Standing out from the Crowd
By Admin

July 28, 2010

You’ve been hard at work this week scheduling appointments.  Good work. Take a break this afternoon and go shopping.  What for you ask?

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Well do you want to stand out from the crowded applicant pool when there are over two hundred applicants who need to be weeded? Care to make an even greater impression? Take the time to send a thank you note after your interview. Few do. So if you choose to do this, you will be remembered.

Add this to your to-do list:

Purchase a box of thank you notes…usually ten in a pack. Purchase a book of stamps.

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Write your return address on the top left hand corner of your envelope and stash this all away for later with the same pen you used to write your return address.

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You finally got the interview. Don’t forget to get their business card. Ask for it. And if they ask you why tell them it’s for a thank you note that you plan to send. If they have no business card ask them for the information as you write it down.

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There is always small talk at the beginning of most interviews .You need to remember bits and pieces of it so you can draw on this information in your note. Helping one remember events that they participated in with you will help them remember you.  So before you leave the parking lot, jot down what you’ve learned about the person. If they like dogs, write it down. If they mentioned sports, jot it down. Whatever the two of you discussed that was non-business, write it down after the interview.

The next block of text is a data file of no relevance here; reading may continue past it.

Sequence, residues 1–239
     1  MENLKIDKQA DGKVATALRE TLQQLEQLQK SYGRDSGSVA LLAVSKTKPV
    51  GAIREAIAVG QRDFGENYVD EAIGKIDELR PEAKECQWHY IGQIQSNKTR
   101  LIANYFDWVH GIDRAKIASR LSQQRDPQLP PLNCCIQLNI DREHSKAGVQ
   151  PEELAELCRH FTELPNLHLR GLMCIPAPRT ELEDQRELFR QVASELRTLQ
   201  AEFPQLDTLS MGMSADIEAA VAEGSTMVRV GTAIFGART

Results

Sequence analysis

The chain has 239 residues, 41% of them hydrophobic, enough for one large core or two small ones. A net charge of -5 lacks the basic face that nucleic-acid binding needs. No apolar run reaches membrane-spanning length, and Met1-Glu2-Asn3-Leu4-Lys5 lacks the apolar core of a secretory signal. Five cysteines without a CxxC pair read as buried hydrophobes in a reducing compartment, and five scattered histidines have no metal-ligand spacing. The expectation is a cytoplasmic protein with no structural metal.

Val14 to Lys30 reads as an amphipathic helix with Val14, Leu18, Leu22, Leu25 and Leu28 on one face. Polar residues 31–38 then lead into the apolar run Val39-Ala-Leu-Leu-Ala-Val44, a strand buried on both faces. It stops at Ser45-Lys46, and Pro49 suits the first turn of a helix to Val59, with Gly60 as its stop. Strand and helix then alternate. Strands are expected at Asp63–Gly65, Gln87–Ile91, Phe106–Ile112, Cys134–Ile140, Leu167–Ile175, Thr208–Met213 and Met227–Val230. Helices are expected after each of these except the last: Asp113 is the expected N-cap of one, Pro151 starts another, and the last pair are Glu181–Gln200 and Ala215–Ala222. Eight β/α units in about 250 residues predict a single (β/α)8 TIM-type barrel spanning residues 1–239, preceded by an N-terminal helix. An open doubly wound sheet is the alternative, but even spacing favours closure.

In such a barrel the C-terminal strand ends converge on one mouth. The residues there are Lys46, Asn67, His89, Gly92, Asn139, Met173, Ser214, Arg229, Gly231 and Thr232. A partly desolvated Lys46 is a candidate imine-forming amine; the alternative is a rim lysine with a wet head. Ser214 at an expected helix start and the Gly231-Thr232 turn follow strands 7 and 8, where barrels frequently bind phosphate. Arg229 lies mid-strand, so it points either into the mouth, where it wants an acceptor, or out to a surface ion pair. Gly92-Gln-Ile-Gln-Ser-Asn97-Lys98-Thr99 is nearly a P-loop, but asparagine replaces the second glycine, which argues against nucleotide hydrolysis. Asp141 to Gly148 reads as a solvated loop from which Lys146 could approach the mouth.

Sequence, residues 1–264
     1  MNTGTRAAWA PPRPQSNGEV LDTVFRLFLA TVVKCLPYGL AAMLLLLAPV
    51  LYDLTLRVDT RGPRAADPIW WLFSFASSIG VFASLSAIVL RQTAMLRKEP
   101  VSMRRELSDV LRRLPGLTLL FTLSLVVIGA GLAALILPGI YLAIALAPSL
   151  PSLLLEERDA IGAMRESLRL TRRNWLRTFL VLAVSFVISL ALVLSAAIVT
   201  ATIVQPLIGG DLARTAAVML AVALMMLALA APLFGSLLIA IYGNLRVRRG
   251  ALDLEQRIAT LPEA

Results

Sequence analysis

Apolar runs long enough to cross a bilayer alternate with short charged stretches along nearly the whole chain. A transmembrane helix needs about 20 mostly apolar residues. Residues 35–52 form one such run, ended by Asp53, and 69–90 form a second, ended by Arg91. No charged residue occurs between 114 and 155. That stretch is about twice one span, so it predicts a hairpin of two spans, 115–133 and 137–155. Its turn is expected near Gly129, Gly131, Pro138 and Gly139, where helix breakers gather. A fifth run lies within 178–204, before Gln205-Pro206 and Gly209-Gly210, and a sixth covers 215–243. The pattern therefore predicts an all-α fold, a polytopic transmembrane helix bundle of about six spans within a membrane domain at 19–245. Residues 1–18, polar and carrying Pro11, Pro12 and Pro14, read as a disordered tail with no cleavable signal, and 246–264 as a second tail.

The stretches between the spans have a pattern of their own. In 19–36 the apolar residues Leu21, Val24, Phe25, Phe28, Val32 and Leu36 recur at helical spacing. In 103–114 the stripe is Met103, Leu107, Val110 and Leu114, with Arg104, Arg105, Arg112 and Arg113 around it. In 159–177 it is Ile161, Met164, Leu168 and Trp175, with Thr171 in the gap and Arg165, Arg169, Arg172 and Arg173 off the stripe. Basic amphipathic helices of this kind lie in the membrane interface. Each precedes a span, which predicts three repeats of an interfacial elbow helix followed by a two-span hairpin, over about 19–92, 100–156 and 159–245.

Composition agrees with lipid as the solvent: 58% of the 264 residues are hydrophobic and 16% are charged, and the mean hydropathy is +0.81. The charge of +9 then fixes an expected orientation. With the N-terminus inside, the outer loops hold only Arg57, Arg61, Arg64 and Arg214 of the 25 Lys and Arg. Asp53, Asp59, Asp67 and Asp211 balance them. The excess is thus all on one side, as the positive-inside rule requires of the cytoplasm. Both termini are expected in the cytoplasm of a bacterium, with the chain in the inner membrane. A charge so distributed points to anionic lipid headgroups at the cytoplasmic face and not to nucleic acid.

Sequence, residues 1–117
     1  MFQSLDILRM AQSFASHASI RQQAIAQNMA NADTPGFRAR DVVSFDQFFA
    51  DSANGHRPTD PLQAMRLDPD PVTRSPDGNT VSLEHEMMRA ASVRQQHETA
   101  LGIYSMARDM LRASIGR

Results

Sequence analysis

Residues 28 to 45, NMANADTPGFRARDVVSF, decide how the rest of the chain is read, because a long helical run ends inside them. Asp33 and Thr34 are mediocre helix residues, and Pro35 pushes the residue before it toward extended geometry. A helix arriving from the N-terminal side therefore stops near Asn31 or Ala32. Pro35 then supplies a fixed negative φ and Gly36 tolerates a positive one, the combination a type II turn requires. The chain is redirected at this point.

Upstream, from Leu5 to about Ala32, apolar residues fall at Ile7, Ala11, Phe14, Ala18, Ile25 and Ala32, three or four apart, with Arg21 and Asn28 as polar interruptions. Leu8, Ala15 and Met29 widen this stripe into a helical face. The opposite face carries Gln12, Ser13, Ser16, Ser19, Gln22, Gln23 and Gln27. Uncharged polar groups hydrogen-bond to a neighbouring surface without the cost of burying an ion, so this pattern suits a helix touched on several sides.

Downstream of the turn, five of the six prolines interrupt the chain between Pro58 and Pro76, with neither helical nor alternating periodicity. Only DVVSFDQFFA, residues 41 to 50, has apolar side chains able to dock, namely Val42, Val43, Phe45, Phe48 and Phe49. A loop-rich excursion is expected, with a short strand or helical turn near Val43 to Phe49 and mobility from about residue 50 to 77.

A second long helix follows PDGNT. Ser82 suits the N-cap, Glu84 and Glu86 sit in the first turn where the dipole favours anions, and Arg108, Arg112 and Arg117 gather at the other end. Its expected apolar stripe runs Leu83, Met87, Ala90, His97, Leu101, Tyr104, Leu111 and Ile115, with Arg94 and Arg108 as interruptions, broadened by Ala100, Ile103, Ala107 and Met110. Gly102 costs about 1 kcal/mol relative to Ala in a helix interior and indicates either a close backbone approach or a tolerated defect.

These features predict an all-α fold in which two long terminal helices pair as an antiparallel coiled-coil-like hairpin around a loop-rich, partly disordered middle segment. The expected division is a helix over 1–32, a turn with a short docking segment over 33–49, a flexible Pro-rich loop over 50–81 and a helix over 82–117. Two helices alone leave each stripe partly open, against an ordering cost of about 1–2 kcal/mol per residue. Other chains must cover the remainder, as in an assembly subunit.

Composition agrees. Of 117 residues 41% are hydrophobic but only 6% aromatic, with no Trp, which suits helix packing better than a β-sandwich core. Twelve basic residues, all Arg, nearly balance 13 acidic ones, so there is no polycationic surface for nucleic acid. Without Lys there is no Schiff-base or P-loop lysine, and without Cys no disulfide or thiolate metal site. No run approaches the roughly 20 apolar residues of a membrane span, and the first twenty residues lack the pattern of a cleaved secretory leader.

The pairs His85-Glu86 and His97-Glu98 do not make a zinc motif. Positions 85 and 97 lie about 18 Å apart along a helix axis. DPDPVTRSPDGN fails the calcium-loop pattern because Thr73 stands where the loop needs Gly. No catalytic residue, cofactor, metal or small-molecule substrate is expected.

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Your note will be short and sweet:  Thank you for taking extra time with me yesterday during our interview.  I’ll keep my eyes out for Newfoundland dogs so I can see one first hand (subject you talked about)!  I look forward to our next meeting.  Sincerely, Joe Great (your name)

You get the point.  Write a short and sweet message that’s a tad bit personal with a courteous close.  It will give them the impression that you know how valuable their time is, that you valued the opportunity they gave you, and that you think enough about them and their company to go the extra mile.

Hand address the thank you envelope using the information you gathered and the original pen you used for the return address and send it by the end of the day.   They will more than likely receive it within a day, two at the most when you and your conversation will be freshest in their minds.

If you choose a colorful enough thank you note, it might end up sitting on their desk.

Do you think you’ll be forgotten?  No, you’ll stand out from the crowd.


  1. Thanks for the tip, Barbara. I’ve usually sent a thank you email then mailed a hard copy to the interviewer on bonded paper (that was what I was taught to use so interviewers would remember me). I can see where this would be a better route to go, especially if you’re really interested in the job.